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Why Did Yaz Get So Popular?

If contraceptives containing the hormone drospirenone are so dangerous, how (or why) were they prescribed to so many young women throughout the past 10+ years? Yaz, the infamous birth control manufactured by Bayer, rose to prominence in the mid-2000’s after its users began developing fatal blood clots and gallbladder injuries. Since then, sales of this contraceptive have exceeded $1 billion despite its adverse side effects. But why?

Say Goodbye to Miss Judy Moody…

(And hello to Miss Deep Vein Thrombosis) Yaz commercials have been the subject of parodies due to their outrageous tactics to “educate” women while simultaneously talking about the long list of side effects and warnings. Yaz marketers used common advertising tactics such as:

It only makes sense that a commercial begins with stating benefits and ends with reiterating their positive introductory points.  Yaz commercials make the best use of this strategy by opening the conversation up with the unique characteristics of the pill and allowing the actresses ample time to explain the “great things doctors told them about it”.  Midway through the scene, the “doctor” friend rushes through her dialogue, robotically listing who should avoid using Yaz and why.  Shortly after this, she announces her medical profession and closes the scene with a comforting message to the audience.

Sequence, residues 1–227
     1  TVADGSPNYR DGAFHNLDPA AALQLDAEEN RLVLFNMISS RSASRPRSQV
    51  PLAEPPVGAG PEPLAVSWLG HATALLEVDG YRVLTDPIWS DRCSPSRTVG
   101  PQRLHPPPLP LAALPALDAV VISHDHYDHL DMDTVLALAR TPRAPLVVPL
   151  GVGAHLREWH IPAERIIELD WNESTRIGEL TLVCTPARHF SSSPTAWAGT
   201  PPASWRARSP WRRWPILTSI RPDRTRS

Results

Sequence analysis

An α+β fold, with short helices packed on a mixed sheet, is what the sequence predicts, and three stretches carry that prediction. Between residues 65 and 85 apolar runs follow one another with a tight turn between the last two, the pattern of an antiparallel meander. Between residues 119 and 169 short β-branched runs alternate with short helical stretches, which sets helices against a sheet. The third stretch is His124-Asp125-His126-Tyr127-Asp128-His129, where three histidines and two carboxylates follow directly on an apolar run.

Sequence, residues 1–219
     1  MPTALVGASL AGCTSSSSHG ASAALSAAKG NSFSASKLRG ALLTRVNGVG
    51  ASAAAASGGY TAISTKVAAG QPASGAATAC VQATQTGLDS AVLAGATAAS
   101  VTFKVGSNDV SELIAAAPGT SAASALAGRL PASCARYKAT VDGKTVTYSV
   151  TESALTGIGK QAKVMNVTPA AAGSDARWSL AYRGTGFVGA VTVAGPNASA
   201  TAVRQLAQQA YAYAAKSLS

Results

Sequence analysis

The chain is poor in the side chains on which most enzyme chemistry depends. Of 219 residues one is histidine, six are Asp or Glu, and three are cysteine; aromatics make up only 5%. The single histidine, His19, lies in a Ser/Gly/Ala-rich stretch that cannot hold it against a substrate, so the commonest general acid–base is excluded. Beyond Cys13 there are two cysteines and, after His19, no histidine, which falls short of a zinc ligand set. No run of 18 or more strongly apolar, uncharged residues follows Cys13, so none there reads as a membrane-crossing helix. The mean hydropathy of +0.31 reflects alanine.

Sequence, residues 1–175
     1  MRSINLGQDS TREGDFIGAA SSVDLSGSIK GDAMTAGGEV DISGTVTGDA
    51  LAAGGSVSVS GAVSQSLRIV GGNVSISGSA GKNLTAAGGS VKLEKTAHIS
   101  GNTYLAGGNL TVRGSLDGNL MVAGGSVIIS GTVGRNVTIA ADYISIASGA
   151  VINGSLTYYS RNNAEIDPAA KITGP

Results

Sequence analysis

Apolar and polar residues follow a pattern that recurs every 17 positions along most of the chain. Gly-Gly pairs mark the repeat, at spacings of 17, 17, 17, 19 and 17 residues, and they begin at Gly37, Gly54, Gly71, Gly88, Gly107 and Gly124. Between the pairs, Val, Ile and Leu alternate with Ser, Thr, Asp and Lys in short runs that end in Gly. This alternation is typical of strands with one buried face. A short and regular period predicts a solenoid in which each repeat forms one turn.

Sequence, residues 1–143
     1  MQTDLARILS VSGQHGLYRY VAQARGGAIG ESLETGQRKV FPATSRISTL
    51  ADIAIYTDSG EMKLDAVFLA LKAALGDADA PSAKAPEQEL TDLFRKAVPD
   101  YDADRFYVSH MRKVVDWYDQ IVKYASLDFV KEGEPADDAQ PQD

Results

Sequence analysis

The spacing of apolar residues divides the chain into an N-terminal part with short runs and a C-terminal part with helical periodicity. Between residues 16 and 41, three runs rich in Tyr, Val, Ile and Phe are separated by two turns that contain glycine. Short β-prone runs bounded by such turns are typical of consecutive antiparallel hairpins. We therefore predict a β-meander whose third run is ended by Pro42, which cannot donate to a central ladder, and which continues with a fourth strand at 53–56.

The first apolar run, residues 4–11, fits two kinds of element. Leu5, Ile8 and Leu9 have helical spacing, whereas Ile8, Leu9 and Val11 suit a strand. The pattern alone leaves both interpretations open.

Emphasizing vs. Understating
Many women who have filed lawsuits against Bayer accredited the manufacturer with emphasizing the pill’s benefits rather than its adverse effects.  Many of Yaz’s commercials highlight menstrual symptoms it corrects such as acne, mood swings, and traits associated with PMDD.  Women who would come across such persuasive advertisements were attracted to the youthful appearance of Yaz “users” as well as it’s bright logo and fun promotional material.  Marketers of this pill continuously downplayed its serious risks for the sake of detracting interested women.

This may be one of the most influential techniques when promoting drugs.  What better way to create reliability than implementing a sense of trust and authority?  Towards the end of the advertisement, one of the women informs her friends about Yaz’s ingredients and potential side effects.  Afterwards, she states that she is a doctor and mentions that many of her patients ask about the contraceptive which, in return, she recommends it to them.  Her, being a medical professional, sets off a green light for the audience; people begin to trust the benefits and legitimacy of Yaz and plant the question, “If a doctor prescribes it to her patients…it must be safe.”

For more facts relating to Yaz or other dangerous drugs, read about them here.